Global Economic News
Silent Run on the Bank of Ireland by Corporate Depositors
Nov. 13 (EIRNS)There has been a silent run by corporate depositors at the Bank of Ireland, which is now Ireland's biggest lender and is 36% owned by the government. The bank announced that in August and September there were withdrawals by corporate depositors. Citing banking sources, the Irish Times suggests that the withdrawal could have been as much as EU10 billion. The bank said that while the situation had "stabilized" there nonetheless continued to be "outflows of ratings-sensitive customer deposits in our capital markets business."
On top of that, mortgage arrears at the bank continue to increase." The bank admitted it continues to be totally dependent on the European Central Bank's emergency unlimited liquidity window for funding where it receives short-term credits of no longer than three months' duration.
There is a direct British connection. The Bank of Ireland is in a joint venture with the British Post Office Bank which operates 11,500 branches and is used primarily by normal depositors. Also not widely reported this week is the fact that this subsidiary was reorganized as Bank of Ireland (UK) PLC as of Nov. 1, so as to allow the deposits to fall under Britain's deposit guarantee scheme. This was no doubt a preemptive move to avoid a run on the bank as the crisis worsens.
While Inter-Alpha's Allied Irish Bank's small banking operation in the U.K. also falls under the British deposit insurance scheme, the U.K. subsidiary of Anglo Irish Bank, now 100% owned by the government, is not covered by the U.K. guarantee, but only the Irish guarantee, which is good as long as the Irish government is solvent.
Chinese Rating Agency: 'U.S. Solvency Is on the Brink of Collapse'
Nov. 9 (EIRNS)The United States has lost its double-A credit rating with Dagong Global Credit Rating Co., the Chinese rating agency, due to the Fed's new round of quantitative easing policy, Chinese news agency Xinhua reported Nov. 9.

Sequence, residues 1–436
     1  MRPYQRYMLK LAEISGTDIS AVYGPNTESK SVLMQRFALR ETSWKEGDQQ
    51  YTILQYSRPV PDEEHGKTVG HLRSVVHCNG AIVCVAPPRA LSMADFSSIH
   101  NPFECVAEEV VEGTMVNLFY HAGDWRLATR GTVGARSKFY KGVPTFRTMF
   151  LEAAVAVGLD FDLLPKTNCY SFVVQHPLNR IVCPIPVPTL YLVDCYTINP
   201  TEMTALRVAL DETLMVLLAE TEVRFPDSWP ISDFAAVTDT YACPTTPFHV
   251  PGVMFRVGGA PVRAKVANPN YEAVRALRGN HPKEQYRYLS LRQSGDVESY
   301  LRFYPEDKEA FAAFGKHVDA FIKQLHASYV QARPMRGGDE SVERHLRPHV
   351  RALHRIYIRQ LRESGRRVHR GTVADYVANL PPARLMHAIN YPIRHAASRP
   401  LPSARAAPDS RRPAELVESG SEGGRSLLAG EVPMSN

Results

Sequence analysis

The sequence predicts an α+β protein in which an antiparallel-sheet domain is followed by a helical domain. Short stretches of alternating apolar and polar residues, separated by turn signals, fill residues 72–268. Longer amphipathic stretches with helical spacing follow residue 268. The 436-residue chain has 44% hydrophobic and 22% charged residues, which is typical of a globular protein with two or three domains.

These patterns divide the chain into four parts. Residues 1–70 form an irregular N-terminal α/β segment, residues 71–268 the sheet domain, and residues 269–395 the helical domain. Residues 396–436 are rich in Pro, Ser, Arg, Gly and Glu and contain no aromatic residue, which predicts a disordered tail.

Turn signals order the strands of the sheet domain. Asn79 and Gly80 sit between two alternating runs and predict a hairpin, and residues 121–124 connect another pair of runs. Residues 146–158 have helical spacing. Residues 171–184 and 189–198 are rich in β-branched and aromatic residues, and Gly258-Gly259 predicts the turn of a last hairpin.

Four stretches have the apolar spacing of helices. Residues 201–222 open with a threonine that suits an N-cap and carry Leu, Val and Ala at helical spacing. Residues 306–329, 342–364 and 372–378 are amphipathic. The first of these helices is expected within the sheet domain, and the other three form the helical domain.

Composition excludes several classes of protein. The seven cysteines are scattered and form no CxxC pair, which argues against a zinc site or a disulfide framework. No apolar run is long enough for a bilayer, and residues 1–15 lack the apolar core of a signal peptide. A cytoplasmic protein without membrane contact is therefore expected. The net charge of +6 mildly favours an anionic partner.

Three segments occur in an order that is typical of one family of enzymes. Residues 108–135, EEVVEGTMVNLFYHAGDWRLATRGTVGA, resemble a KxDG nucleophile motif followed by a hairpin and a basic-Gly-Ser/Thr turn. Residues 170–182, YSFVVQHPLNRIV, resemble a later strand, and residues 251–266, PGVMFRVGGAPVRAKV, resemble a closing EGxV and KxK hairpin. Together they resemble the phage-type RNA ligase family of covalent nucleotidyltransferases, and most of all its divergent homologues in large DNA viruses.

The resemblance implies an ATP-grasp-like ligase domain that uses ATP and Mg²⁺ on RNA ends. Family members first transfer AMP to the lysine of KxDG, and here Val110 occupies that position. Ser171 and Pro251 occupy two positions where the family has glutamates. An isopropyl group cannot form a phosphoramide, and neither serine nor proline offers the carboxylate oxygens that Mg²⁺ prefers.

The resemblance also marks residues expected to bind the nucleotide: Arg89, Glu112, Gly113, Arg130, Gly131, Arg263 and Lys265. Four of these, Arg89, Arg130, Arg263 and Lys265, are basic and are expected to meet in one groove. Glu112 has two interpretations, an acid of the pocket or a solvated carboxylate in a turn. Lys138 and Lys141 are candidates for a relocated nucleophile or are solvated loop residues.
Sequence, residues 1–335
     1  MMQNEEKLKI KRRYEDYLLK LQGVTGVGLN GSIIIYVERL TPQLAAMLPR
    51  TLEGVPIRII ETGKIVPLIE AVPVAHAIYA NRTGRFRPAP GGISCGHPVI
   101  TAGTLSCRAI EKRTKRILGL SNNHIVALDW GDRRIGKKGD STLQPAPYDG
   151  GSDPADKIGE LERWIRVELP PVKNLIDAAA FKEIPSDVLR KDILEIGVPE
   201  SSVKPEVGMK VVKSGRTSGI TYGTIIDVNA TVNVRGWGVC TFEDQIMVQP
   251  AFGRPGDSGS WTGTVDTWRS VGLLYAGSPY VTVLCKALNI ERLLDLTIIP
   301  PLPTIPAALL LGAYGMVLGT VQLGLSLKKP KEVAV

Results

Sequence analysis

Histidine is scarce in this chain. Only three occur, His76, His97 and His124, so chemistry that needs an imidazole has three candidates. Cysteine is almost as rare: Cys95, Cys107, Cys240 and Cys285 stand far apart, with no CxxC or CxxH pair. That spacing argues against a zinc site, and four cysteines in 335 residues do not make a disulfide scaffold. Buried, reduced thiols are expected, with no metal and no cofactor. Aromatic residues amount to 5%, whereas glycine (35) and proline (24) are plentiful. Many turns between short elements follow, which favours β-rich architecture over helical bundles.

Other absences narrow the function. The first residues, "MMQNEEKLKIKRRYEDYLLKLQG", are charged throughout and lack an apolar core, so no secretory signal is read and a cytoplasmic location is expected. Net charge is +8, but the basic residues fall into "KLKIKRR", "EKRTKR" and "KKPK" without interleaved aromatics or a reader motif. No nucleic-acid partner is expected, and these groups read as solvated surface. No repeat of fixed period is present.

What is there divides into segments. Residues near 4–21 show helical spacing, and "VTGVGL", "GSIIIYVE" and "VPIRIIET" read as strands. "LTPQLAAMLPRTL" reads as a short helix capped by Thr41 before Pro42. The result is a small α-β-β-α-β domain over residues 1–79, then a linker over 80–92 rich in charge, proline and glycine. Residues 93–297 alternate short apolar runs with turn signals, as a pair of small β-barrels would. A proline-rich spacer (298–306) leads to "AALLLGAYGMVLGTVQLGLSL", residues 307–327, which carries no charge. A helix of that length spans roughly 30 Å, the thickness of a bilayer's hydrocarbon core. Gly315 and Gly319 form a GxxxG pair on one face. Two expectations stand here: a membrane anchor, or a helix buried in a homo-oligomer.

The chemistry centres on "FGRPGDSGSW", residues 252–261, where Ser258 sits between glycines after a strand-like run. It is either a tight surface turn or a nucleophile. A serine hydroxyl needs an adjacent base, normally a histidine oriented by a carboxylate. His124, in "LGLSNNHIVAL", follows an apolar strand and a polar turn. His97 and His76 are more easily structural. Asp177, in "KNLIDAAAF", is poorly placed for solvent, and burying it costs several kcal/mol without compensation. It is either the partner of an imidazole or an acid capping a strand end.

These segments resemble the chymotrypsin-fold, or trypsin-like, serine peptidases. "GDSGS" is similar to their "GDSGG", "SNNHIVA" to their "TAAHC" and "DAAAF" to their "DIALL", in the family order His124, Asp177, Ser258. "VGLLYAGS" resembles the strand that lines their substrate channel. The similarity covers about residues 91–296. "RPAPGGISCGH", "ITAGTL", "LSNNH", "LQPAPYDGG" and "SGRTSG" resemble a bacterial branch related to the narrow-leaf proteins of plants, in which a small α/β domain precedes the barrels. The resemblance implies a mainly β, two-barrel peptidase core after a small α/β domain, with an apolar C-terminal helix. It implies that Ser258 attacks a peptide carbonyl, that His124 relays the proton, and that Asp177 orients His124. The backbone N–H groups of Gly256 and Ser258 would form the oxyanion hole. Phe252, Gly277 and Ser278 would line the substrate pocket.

The Dagong report uses blunt language to describe the current state of the American economy: "In essence, the U.S. government's move to devalue the dollar indicates its solvency is on the brink of collapse."
When briefed on the report, Lyndon LaRouche said, "It's not strong language. It's an accurate description. When a guy is dead, you don't say he smells bad." LaRouche also noted that China is in a very serious conflict with Britain's Trans-Atlantic system.
The Dagong Global downgrade lowered the local and foreign currency long-term sovereign credit rating of the U.S. by one level to A+, from the previous AA, with "negative" outlook. The Chinese rating agency said the downgrade reflected the U.S.'s deteriorating debt repayment capability and drastic decline of the U.S. government's intention of debt repayment.
"The serious defects in the U.S. economy will lead to long-term recession and fundamentally lower the national solvency," Dagong said in a report. The Chinese rating agency said the Federal Reserve's new round of quantitative easing would further depreciate the U.S. dollar and was entirely counter to the interest of the creditors. "The credit crisis is far from over in the United States and the U.S. economy will be in a long-term recession," Dagong Global warned in the report, adding that a weakening greenback will cripple U.S. capability to attract dollar capital reflow.
Parasites Hoarding Commodities, Pumping Up Prices Even Higher
Nov. 8 (EIRNS)If the banks get their way, the prices of commodities will skyrocket even higher. JP Morgan, Goldman Sachs, and Deutsche Bank, among others, are putting together physically backed exchange traded funds (ETFs). These would be commodities funds backed by actual physical holdings of commodities. These funds will be hoarding commodities such as copper, lead, aluminum, and nickel rather than futures contracts, which would drive the prices up even higher. But the same banks will be trading in futures as well, promising to drive up prices at will.
The Daily Telegraph reports that several metal traders and experts have written to the City of London's watchdog not to approve the application, because it could be "approving the next financial bubble." They also say the obvious, that this will "distort" commodity prices, writing, "by allowing investors to hoard physical supplies is equivalent of allowing investors to sit on warehouses of wheat while Tesco (a supermarket) is short of bread."